Schrader Announces $5.8 Million USDA Grant for Oregon State University to Research Spotted Wing Drosophila
Today Congressman Kurt Schrader announced that Oregon State University will receive a $5.8 million grant from the United States Department of Agriculture (USDA) to research the Spotted Wing Drosophila. The grant was made available through USDA's National Institute of Food and Agriculture, Specialty Crop Initiative.
Today Congressman Kurt Schrader announced that Oregon State University will receive a $5.8 million grant from the United States Department of Agriculture (USDA) to research the Spotted Wing Drosophila. The grant was made available through USDA’s National Institute of Food and Agriculture, Specialty Crop Initiative.
“This grant will allow Oregon State University to create an integrated Pest Management Program for the Spotted Wing Drosophila,” said Schrader. “Our farmers need help combating the insect infestations that threaten our crops daily. The livelihoods of thousands of Oregonians are directly tied to our fruit crop industry and we cannot let this epidemic continue.”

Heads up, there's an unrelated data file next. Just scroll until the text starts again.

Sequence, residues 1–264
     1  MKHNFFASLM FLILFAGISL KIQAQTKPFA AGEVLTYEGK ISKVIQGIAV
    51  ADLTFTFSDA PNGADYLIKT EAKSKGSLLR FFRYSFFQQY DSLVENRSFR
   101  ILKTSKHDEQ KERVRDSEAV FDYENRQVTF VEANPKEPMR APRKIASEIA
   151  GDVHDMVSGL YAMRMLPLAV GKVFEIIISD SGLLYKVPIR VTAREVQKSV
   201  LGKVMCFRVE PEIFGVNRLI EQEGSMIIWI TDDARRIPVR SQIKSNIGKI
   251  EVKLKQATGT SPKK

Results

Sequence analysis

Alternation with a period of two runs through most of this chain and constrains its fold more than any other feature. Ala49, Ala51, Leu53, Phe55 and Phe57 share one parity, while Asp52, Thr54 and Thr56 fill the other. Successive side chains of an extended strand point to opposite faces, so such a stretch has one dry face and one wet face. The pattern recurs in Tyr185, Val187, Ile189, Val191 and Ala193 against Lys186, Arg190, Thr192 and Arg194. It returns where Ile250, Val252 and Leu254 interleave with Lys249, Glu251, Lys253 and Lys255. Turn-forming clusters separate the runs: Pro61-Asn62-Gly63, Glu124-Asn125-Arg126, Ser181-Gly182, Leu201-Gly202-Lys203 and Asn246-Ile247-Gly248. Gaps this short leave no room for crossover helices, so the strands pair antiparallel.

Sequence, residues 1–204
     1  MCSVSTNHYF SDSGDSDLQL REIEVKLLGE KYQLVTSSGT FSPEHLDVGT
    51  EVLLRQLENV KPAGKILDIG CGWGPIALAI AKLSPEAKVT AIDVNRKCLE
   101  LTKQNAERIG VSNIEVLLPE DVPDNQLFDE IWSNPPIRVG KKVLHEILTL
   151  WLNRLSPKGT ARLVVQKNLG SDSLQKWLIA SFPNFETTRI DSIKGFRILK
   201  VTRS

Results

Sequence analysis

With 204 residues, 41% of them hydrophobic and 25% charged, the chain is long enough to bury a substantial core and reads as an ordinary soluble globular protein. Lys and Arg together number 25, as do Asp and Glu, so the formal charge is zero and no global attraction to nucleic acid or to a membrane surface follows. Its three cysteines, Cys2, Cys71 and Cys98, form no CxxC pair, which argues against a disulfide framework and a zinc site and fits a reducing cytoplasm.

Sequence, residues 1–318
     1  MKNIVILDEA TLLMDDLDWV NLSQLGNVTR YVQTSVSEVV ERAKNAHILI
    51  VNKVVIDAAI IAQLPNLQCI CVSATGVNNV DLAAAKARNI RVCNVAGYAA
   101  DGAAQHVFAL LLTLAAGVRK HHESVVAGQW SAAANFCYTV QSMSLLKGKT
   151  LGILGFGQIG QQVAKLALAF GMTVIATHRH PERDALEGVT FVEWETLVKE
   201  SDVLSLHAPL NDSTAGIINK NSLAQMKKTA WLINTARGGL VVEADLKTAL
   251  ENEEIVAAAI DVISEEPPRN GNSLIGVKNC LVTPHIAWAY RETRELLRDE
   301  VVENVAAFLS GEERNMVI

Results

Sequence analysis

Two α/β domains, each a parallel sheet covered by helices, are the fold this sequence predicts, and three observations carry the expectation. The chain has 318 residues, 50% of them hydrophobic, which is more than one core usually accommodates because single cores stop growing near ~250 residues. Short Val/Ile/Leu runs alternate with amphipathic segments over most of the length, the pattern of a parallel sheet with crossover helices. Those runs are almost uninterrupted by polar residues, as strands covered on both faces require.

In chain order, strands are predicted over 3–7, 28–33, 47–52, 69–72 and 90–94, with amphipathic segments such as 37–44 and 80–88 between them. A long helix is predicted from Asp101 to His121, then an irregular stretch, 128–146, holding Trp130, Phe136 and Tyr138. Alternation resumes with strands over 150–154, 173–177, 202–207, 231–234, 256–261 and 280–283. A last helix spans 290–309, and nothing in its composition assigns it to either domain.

“The specialty crops industry is a significant part of the economy of Oregon, California, and Washington, which is being threatened by a new, invasive species, the spotted wing Drosophila,” said OSU's College of Agricultural Sciences Dean, Sonny Ramaswamy. “Without the grant support afforded by the Specialty Crops Research Initiative created by Congress in the 2008 Farm Bill, scientists' efforts to mitigate this insect in a coordinated, collaborative and effective manner will not be possible.”
The Spotted Wing Drosophila is a new invasive fruit fly that is devastating fruit crops throughout the West Coast. The larvae infest ripe and ripening fruits, later hatching to begin feeding which causes the entire fruit to disintegrate.
In Oregon, blueberry, strawberry, raspberry, and blackberry harvests yield more than $100 million annually. The state’s cherry crop is valued to at $55 million while, peaches, pears, plums, and prunes are valued to be worth more than $25 million.
In March, Schrader spearheaded a letter signed by Oregon’s Congressional delegation urging Agriculture Secretary Tom Vilsack to support OSU’s grant application. In the letter Schrader states that the funding is “vital to the continued livelihood of many Oregon farmers” and is essential to “protect Oregon’s agriculture industry.”
The grant will allow Oregon State University to create a Pest Management program that will create a socially and environmentally sound long-term pest management system to address crop infestations. Researchers will then be able to document data on the fly’s biology, movement, fruit preference, and seasonal phenology so that they can incorporate the data into farmer outreach and management strategies.